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The Connected Web

Phil Wainewright

Data Protectionism Threatens the Cloud

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One of the things I worry about, as someone who makes their living in the cloud, is protectionism. By its very nature, the cloud is a global phenomenon, both in terms of its audience reach, and also in terms of commerce (it's possible to set up website almost anywhere in the world and starting earning income from running Google ads, selling Amazon stock or offering goods on eBay). But if current economic woes lead national governments to bring in import controls and restrictions on the international flow of money, Web commerce will be severely curtailed.

Another threat to free trade in the cloud comes from laws on data privacy and intellectual property. I listened with interest to a panel discussion at last week's Powered by Cloud conference in London and heard some disturbing stories about the interaction between national laws and global cloud activity. This is of particular concern to both cloud providers and consumers, whether of cloud infrastructure or applications. National laws have an often unexpected impact on where data can be stored, and that's in direct conflict with the 'black box' nature of cloud computing, in which the philosophy of loose coupling dictates that a consumer of cloud services shouldn't really care what happens on the other side of the service interface, so long as the service contract is satisfied. National laws dictate otherwise (unless the service contract itself is capable of reliably assuring compliance with policies on the geographical location of data — not as easy to implement technically as you might think at first).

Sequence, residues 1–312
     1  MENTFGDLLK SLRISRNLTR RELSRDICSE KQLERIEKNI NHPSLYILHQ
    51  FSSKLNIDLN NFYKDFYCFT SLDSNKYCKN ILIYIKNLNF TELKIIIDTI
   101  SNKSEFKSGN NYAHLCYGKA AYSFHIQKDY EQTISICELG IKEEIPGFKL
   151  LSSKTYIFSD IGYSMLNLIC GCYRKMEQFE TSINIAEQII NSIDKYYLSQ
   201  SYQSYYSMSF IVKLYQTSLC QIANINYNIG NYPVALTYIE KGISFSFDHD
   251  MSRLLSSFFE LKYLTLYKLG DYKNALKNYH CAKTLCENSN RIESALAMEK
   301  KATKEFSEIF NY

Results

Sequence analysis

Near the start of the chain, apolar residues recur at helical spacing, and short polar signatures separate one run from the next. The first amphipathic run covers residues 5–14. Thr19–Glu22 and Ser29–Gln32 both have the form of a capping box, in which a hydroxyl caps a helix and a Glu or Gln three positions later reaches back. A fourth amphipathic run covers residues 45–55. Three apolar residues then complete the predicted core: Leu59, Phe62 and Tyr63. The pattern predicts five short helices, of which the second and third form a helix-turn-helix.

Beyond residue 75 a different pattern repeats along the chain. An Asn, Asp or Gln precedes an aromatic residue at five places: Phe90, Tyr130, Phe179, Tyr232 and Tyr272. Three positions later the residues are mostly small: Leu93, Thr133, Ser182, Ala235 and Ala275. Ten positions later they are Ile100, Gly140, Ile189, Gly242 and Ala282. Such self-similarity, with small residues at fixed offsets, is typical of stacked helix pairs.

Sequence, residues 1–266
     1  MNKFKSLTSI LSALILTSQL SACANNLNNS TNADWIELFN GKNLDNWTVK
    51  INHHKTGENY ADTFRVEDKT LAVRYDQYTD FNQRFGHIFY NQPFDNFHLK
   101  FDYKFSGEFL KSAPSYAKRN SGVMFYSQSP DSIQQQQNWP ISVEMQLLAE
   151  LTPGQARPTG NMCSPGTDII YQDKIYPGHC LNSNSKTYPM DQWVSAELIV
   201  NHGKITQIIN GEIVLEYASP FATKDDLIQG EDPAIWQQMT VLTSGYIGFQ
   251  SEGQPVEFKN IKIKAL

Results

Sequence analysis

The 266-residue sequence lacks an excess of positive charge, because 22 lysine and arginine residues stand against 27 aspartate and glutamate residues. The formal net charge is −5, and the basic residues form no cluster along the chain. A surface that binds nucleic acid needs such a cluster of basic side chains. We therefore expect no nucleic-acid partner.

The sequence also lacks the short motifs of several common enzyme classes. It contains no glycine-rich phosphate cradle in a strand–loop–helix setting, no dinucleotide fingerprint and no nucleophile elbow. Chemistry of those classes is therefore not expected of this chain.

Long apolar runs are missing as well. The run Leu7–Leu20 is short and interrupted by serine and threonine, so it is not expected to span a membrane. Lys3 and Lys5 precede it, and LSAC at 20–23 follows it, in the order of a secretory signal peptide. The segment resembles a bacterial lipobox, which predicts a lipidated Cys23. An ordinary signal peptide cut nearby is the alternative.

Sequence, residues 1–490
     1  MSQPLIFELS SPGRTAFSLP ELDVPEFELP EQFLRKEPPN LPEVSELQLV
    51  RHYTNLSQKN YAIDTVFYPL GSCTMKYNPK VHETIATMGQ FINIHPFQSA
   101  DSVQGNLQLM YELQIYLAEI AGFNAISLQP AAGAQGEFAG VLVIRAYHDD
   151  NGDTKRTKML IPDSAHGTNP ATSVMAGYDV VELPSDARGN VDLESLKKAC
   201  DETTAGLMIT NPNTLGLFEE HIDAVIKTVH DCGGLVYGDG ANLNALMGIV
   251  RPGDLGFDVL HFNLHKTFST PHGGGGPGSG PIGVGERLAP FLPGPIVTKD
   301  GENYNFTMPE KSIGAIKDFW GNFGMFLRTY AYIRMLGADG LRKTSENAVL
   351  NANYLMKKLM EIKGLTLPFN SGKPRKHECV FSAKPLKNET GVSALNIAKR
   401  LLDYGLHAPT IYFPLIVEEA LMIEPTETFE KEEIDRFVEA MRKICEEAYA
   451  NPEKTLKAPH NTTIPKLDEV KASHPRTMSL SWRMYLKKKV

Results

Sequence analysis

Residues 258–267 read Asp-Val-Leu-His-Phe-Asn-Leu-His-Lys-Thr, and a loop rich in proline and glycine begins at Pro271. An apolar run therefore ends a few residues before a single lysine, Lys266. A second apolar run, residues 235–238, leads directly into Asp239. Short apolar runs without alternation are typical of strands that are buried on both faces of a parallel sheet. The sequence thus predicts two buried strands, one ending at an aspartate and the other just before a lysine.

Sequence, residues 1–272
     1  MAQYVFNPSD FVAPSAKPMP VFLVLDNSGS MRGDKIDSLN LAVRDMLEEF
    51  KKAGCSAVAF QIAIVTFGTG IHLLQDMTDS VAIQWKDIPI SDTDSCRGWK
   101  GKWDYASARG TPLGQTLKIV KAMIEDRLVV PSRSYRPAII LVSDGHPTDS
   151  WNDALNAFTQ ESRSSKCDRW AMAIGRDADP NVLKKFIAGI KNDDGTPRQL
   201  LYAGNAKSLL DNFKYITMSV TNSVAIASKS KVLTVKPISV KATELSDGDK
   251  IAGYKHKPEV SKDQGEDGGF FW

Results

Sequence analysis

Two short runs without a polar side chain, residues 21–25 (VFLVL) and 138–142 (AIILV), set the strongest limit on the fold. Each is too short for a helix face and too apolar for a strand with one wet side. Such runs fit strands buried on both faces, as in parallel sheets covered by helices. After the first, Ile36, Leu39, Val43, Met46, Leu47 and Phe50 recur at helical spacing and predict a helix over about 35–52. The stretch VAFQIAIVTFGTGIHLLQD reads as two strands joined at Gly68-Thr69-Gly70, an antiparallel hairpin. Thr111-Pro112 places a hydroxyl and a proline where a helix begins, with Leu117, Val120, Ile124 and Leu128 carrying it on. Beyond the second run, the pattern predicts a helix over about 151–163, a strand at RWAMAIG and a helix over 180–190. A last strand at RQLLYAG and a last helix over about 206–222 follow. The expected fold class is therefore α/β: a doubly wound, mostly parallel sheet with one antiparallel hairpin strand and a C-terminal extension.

Paul Massey, an associate and member of the intellectual property and technology team at law firm K&L Gates, noted that while laws agreed by the European Union are supposed to be consistent, they are implemented by national governments and courts and therefore in practice the implementation varies in each jurisdiction. I suspect that in most cases the differences are not material, but it does increase the risk and the cost of legal advice for anyone hoping to provide services across borders within and beyond Europe (which of course is one of the supposed benefits of being a cloud provider).

One important obligation on any business operating within the EU is a continuing responsibility to ensure the security and privacy of data transferred elsewhere (privacy is, quite rightly, enshrined as a human right in EU law, so is taken very seriously by the courts). This obligation significantly complicates matters for anyone who wants to take advantage of offshore cloud providers for reasons of cost, spare capacity or failover. It has already led Amazon Web Services to offer both storage and processing in European data centers — as a premium option. The side-effect (because it's not reciprocal — US citizens don't have the same right to privacy) is a form of data protectionism.

Giving another example of how national jurisdictions impinge on cloud operations, Miranda Mowbray of HP Labs told the story of Tour and Marketing International of Spain, whose website sold vacations on the island of Cuba to Europeans (not to US citizens, who were barred from doing business with it). The only trouble was, its .com web domain was hosted with a US company, which when contacted by the US government on the grounds that it was doing business indirectly with Cuba, summarily shut down the domain, thus closing the tour operator's website.

So far, these are examples of how national jurisdictions coincidentally happen to restrict commercial freedom in the cloud, and in both the cases I've cited, one can argue very sound reasons for those restrictions. But is it inconceivable that a government might begin to implement further restrictions in the full knowledge that they will prevent 'foreign' clouds providing business services within their borders? That's the sort of economically motivated, politically driven data protectionism I worry about, and which I hope won't emerge.

1 Comment

Phil

Here's another way government intrudes on the cloud model- taxation rights. Are the taxes due in the jurisdiction of the corporate HQ entity or where the data center is? What if the vendor leverages cloud storage?

The issue gets complex and if we know anything about government- local, state or national - they want their piece of the tax action.

Phil Wainewright blogs about how businesses are using the Web to get better plugged into today's fast-moving, digital economy.

Phil Wainewright

Phil Wainewright specializes in on-demand services View more

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